More Chinese students want to study in UK than US: survey

By Chen Xi and Ji Yuqiao Source:Global Times Published: 2020/7/2 10:28:40

Students at Oxford University campus Photo: IC

A survey published by one of China's largest educational firms, New Oriental Education, found that 42 percent of Chinese students would choose the UK as the first country in which to study abroad, with 37 percent of students choosing the US. It is the first time the UK has overtaken the US as the top destination for Chinese students in the survey.

The survey collected 6,673 samples in 34 provinces in China. Even though more Chinese students may now prefer learning in the UK to the US, the US has the largest number of Chinese students, according to a report by

Reasons for the change

The report analyzed the reasons for the change. The recent tension between China and the US has affected the choices of Chinese students, while the UK reformed its visa policy and allowed overseas students to stay in the UK for two years after graduation.

Liu Xin, a student at Beijing Jiaotong University who plans to go to the UK for a master's degree in 2021, told the Global Times on Wednesday that though the US has many famed universities, the current unfriendly political climate and the coronavirus situation in the US makes the universities less attractive than UK universities.

New Oriental Education also considered the performance of the UK government and universities since the outbreak of COVID-19. 

In response to the sudden cancellation of the IELTS test caused by the epidemic, a number of UK universities responded immediately by recognizing other English test results, including CET-6, the College English Test in China, and even campus English exams.

Many UK universities also delayed deposit payments for 2020 students, giving them more time to meet language and academic requirements. Some universities have lowered IELTS score requirements.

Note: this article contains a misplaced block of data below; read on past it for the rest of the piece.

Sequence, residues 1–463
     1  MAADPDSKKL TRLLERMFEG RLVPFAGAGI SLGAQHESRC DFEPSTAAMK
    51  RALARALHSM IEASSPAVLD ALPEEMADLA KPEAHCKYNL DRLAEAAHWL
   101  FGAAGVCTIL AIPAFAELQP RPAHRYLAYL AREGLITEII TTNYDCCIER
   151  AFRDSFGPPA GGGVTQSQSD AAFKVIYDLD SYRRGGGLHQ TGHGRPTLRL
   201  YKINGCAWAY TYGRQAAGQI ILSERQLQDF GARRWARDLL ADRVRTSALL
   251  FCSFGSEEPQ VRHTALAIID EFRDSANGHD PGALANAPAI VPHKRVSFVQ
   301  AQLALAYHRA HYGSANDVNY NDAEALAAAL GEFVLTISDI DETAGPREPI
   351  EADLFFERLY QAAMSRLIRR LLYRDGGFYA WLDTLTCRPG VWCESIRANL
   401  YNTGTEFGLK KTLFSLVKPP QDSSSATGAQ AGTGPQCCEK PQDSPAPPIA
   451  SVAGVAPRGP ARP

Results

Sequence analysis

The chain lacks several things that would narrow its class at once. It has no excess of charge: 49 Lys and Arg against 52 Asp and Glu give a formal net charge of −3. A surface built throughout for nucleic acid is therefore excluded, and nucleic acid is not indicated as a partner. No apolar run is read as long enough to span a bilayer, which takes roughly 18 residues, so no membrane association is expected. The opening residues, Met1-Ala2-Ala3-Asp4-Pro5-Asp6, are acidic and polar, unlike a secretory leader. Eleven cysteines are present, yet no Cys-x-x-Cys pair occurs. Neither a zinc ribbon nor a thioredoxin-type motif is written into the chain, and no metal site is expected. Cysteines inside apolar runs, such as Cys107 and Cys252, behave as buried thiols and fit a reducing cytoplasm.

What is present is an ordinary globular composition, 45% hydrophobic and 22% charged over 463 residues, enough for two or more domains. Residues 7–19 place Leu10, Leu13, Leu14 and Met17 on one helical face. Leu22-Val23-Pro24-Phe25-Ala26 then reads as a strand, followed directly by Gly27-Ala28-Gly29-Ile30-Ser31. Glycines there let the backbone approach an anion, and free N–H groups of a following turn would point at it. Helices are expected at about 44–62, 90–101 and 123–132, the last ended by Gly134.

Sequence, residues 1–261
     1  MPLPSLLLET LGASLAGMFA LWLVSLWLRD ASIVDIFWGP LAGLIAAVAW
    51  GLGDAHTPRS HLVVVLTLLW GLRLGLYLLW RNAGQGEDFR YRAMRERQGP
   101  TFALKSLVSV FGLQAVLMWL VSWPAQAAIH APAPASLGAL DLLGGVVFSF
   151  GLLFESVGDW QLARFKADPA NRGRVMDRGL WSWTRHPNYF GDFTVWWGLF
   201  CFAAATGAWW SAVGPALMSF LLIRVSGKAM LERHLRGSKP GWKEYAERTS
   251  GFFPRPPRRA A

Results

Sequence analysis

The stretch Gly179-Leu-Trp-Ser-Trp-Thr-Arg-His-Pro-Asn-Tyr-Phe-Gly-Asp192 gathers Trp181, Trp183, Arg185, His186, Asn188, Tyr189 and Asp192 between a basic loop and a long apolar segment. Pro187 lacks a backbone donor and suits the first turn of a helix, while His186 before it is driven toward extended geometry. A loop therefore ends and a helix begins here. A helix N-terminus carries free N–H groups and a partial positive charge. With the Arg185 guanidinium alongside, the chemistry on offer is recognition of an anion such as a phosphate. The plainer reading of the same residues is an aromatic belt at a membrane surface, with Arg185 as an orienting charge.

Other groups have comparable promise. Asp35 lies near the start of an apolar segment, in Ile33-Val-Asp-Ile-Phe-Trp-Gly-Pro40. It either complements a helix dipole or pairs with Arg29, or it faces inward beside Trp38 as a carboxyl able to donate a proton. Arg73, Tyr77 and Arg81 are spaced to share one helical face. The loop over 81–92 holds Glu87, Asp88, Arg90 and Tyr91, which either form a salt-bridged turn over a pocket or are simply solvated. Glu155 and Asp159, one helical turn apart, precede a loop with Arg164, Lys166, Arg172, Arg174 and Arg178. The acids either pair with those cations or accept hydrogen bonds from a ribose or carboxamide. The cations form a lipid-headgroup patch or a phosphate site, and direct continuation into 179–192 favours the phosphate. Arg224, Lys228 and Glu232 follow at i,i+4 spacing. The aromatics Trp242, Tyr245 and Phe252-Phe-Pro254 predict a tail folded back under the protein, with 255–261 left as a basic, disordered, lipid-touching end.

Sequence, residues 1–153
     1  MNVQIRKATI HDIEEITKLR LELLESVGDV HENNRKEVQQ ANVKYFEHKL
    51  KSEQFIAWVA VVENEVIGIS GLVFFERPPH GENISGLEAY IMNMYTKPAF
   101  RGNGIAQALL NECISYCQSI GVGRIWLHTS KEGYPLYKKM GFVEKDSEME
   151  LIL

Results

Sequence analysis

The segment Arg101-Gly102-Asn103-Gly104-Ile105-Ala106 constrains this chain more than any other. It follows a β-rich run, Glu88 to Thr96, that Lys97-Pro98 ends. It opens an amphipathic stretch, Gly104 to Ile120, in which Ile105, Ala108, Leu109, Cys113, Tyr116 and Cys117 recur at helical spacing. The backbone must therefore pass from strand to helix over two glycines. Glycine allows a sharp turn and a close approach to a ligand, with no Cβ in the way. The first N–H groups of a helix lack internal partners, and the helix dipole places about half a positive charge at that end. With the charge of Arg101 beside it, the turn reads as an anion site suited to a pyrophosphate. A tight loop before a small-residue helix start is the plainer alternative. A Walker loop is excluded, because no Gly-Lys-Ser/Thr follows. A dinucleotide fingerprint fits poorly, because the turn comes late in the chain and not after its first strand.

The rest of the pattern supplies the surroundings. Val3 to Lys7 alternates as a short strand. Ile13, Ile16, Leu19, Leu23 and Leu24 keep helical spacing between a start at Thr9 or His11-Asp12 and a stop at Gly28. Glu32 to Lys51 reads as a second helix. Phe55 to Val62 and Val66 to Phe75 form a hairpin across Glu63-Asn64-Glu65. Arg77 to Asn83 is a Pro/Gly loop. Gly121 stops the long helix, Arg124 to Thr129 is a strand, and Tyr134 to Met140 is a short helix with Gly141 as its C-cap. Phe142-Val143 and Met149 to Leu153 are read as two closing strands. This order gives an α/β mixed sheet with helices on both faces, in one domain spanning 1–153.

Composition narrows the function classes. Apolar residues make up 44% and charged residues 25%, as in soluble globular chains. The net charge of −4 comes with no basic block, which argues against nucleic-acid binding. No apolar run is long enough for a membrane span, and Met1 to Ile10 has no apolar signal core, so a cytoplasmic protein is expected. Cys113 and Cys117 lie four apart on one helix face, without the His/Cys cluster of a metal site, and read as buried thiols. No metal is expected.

The epidemic has increased the anxiety and fear among Chinese students about studying abroad. Yang Di, a 27-year-old woman who plans to go to the UK for postgraduate study with her husband, told the Global Times the coronavirus has severely disturbed their plans. 

"My husband and I received our ideal school offer, but due to the outbreak of COVID-19, we had to postpone our study plan. We do not want to take the online course at home while spending so much on tuition fees," she said.

In response to this kind of concern, Queen's University Belfast planned to hire chartered airplanes to fly its Chinese students back to the campus before the new semester in September, read a post on the university's website.

According to the post, it will arrange direct flights from Beijing to Belfast for its Chinese students. Onward travel after the students arrive in Belfast City Airport will be by private coach. The university also promised in the commitment to enhance hygiene measures to ensure the students' safety in the campus.

The decision by Queen's University Belfast shows that universities in the UK would like to maintain a good rapport with Chinese students by providing good services.

The short length of schooling is another advantage of UK universities. 

Liu noted that she would like to go abroad for a wider vision and plans to return to China for work after graduation. "Compared with the two-year long master's degree in US universities, the degree in the UK is only one year, which can save time and money in achieving my goal," she said.

Big loss for UK universities from pandemic

The British Council, the UK's international organization for cultural relations and educational opportunities, also released a survey on June 8 showing that only 3 percent of students among the polled 9,000 Chinese students currently enrolled at UK universities have cancelled their study plans. 

However, the COVID-19 pandemic did cause a big loss for UK universities. 

According to the survey report that the British Council sent to the Global Times on Wednesday, UK universities will likely have nearly 14,000 fewer new enrolments from East Asia in 2020-2021 compared to the 2018-19 academic year, leading to a decline of £463 million ($577 million) in spending on tuition and living expenses.

The British Council has been unable to deliver IELTS tests in the Chinese mainland since February, and it resumed paper-based IELTS tests gradually from July 11 at 12 test venues across China and reopened computer-delivered IELTS test centers from July 9 in East China's Shanghai Municipality, South China's Guangzhou Province and Southwest China's Chongqing Municipality, the British Council told the Global Times.

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